By Scott LoweThis gallery is also available as a TechRepublic blog post and download.
SSL (Secure Sockets Layer) certificates are perhaps the most common way to protect information being transmitted between a visitor Web browser and your Web site. SSL provides encryption services to information flowing between systems and can protect Web traffic, e-mail, instant messages and a host of other kinds of data transmittals.
I'm not going to go into great detail about the inner workings of SSL except to say that it is a critical infrastructure component for any organization that has a desire to protect customer or other confidential information. SSL is widely used by banks, e-commerce companies, and other Web entities that require transmission of sensitive information, such as passwords, social security numbers, etc.
In this gallery, I will show you how to obtain and install a third-party SSL certificate into Microsoft Internet Information Server 7.0 (IIS 7) running on Windows Server 2008. I am running the RC0 version of Windows Server 2008.
In the most simplistic view, there are four kinds of certificates to which you will be exposed during your SSL installation:
- Self-signed SSL certificates: These are certificates that you generate and use to encrypt information passing between a client and your server. These certificates are good insofar as they do allow you to encrypt data, but since they are created on-site, the certificates have not been verified by a third party entity, meaning that the site can't necessarily be trusted.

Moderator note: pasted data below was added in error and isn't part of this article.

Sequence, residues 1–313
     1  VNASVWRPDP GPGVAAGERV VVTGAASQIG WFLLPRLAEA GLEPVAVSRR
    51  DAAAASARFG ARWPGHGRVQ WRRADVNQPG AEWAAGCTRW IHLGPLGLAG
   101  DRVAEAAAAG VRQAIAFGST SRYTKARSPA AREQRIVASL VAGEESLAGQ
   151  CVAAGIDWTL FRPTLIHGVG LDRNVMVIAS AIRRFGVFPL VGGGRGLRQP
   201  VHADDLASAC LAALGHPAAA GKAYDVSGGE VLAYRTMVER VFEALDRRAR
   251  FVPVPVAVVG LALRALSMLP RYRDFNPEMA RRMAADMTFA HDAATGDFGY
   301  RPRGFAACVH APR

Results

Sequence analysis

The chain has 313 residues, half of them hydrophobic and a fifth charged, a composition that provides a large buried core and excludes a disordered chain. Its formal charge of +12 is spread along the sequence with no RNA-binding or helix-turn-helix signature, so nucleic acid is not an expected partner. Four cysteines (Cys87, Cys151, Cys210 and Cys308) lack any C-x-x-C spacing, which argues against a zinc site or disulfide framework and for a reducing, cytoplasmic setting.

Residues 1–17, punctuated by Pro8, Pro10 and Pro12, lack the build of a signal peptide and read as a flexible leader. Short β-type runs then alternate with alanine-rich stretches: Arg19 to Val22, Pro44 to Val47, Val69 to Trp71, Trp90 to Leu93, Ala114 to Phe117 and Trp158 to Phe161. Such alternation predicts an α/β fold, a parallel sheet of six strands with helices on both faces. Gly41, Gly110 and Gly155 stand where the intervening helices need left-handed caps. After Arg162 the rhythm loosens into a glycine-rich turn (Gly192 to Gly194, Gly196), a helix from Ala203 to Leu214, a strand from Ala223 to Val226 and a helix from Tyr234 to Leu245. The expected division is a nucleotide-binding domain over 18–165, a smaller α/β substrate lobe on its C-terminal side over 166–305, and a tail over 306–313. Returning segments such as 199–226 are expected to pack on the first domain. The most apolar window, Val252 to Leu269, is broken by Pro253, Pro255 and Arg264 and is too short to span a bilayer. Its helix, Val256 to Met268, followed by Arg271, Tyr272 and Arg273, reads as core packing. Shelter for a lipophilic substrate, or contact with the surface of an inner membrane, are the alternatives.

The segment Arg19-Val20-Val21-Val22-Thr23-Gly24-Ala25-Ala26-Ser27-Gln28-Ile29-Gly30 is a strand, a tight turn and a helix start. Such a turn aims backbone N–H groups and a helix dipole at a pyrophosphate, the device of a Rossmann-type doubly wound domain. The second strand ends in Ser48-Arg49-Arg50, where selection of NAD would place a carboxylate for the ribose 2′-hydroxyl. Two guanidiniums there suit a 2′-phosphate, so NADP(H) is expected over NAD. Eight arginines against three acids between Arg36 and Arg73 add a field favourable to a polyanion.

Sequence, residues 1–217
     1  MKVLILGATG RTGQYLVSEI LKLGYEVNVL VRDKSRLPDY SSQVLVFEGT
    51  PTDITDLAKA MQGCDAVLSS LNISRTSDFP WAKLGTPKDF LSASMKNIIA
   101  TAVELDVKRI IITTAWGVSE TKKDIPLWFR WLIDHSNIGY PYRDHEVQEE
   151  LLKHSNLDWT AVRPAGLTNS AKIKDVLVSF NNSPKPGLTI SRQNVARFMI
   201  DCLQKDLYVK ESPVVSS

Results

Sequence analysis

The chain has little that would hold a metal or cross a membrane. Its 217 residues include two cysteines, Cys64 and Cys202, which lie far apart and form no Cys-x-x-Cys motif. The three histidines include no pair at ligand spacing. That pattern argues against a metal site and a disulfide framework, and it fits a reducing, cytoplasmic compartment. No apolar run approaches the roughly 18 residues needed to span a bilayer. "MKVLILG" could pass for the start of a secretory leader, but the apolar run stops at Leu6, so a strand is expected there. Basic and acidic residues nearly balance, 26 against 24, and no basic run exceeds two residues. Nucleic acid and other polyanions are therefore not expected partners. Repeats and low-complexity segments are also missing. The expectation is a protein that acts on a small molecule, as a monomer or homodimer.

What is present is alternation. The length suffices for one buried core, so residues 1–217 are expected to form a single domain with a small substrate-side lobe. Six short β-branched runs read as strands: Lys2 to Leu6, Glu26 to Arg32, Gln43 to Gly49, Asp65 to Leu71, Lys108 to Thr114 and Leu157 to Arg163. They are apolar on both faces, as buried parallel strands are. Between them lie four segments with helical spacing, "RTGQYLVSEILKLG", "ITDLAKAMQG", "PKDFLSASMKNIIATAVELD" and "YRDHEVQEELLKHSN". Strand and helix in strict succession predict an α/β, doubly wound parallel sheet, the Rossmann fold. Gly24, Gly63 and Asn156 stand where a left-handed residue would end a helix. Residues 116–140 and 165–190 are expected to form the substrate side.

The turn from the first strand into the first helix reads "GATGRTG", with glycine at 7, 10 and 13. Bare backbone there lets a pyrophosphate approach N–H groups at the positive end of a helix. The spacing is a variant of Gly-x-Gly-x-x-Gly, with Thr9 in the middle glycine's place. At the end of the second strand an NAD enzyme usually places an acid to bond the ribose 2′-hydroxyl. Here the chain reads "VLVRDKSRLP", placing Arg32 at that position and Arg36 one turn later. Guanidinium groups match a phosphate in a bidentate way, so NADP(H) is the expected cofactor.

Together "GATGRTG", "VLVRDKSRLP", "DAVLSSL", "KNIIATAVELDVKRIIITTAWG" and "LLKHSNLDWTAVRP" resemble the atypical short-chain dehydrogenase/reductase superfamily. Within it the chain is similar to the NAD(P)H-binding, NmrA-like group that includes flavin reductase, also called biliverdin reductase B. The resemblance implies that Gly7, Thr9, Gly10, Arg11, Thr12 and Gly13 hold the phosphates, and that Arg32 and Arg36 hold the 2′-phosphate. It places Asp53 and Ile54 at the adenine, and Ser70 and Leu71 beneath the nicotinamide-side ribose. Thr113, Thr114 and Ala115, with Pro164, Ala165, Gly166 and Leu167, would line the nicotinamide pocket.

- Third-party SSL certificate: A third-party SSL certificate provides the same encryption capabilities as a self-signed certificate. However, since the certificate is issued by a third party, it is considered a more trusted type of certificate, especially when the certificate chain extends to a trusted root certificate.
- Intermediate certificate: Not all SSL certificate vendors are created equal. In order to be fully trusted, any certificate you obtain needs to eventually link to a root certificate that is trusted by your Web browser. However, not all vendors' SSL certificates are natively trusted by root certificates. As such, with these vendors, you need to complete the SSL trust chain by (in addition to installing your SSL certificate) installing an intermediate certificate between a root certificate and your new SSL certificate. If you skip this step, users will continue to get certificate errors until this trust chain is established. The use of an intermediate SSL certificate requires a bit of additional network communication at the initial establishment of an SSL-secure session but beyond that, there is no performance penalty.
- Trusted root certificate (or Trusted root certification authorities): A root certificate is the Grand PooBah of the certificate world. In order to complete the trust chain, your individual certificate must, in some way, link to a root certificate.
Note: I am assuming that you will be installing a brand new certificate that you do not yet own and not importing some kind of existing certificate. Further, I assume that you do not have a complex public key infrastructure in-house and that you need to get your certificate from a third party. Finally, I'm making the assumption that you have already installed IIS 7 on your Windows Server 2008 system.
Step 1: Prepare a Certificate Signing Request (CSR)
Regardless of the SSL vendor you use, you first step in the process is to create a Certificate Signing Request (CSR) that will be sent to the SSL vendor of your choice. The CSR is a Base-64 encoded PKCS
Mark W. Kaelin has been writing and editing stories about the IT industry, gadgets, finance, accounting, and tech-life for more than 25 years. Most recently, he has been a regular contributor to BreakingModern.com, aNewDomain.net, and TechRepublic.